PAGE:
Martin Wong at the Bronx Museum of the Arts

Yesterday I had the opportunity to visit the Bronx Museum of the Arts for the first time. I know I’ve said this before about other museums I’ve visited, but I think the Bronx Museum may become one of my favorite museums in the city! On this visit, I explored an incredible exhibition – Martin Wong: Human Instamatic. Chinese American painter Martin Wong (1946-1999) was born in Portland, Oregon, but spent his childhood in San Francisco. After moving to New York City in 1978, Wong spent much of the rest of his adult life living and painting in New York City, and his paintings reflect that influence.

The exhibition is truly magnificent, with more than 90 paintings and other materials that span Wong’s career as an artist. It’s clear from his works that the city, with its complexities, its grit, and its diversity, inspired him. I want to give a small sample of those paintings here, but, if you get the chance, you really should go see the entire exhibit yourself. I know I’ll be back before the exhibition ends on February 14, 2016.

This first painting comes from the first gallery in the exhibition, and was painted in the early years after Wong’s move to New York, while he was living in Meyer’s Hotel in lower Manhattan. It is titled “Tell My Troubles to the Eight Ball (Eureka),” dated 1978-1981.

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This second painting, “The Flood,” 1984, has two elements that are repeated in many of Wong’s works: the detailed brickwork, so common in many old New York City tenement buildings, and the firemen. I find this particular painting striking because of the prominent hand of the Statue of Liberty, holding her torch high – but made of brick, like the tenements.

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This next painting shows two other elements that Wong often used: American sign language and newspaper headlines about criminal cases.  This painting is titled “Courtroom Shocker: Jimmy the Weasil Sings Like a Canary,” 1981.

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And here’s one final painting from the Martin Wong exhibition, utilizing Chinatown as inspiration. It’s titled “Canal Street,” 1992. If you look closely, you will also see Wong’s small self-portrait in this work.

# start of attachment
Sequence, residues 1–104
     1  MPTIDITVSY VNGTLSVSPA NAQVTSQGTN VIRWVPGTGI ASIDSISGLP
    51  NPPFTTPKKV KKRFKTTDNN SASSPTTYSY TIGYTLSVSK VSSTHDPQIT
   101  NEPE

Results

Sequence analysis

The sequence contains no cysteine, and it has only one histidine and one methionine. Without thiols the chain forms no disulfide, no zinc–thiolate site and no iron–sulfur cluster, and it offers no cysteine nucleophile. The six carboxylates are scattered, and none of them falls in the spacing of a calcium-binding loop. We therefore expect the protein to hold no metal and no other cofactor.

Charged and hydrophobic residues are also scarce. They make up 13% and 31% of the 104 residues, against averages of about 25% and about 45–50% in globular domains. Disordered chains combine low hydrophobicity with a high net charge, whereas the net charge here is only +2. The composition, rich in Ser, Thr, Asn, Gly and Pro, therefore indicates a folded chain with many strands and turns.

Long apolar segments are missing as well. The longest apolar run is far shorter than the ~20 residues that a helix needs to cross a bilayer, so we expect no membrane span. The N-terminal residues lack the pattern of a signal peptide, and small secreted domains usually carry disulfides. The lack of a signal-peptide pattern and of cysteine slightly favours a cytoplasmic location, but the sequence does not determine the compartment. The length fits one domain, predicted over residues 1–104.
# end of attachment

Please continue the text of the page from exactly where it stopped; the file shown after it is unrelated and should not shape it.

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While I was at the museum, there was also another excellent exhibition, called (de)(re)construction. The exhibition includes a number of works from the museum’s permanent collection, but is only on exhibit through January 10, 2016. I’ll leave you with one photo of a work from the (de)(re)construction exhibit, Mary Heilmann’s “Monochromatic Chairs,” 2015. One reason why I love this particular work of art actually comes from the description of the piece, which includes this quote by Heilmann: “Museums are places to hang out.” And these chairs invite visitors to do just that!

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To get to the Bronx Museum by subway, take the B or D trains to the 167th Street station. (The D does not stop at 167th Street at all times–double check the MTA website for more information.) You can also take the 4 train to the 161st Street/Yankee Stadium station, but the walk is a bit further. Keep an eye out for the painted murals at the corner of Grand Concourse and 166th Street. The black and white portrait is of DJ Kool Herc, commonly credited as the father of hip hop music in the Bronx in the 1970s. There are several colorful murals as well.

DJ Kool Herc mural

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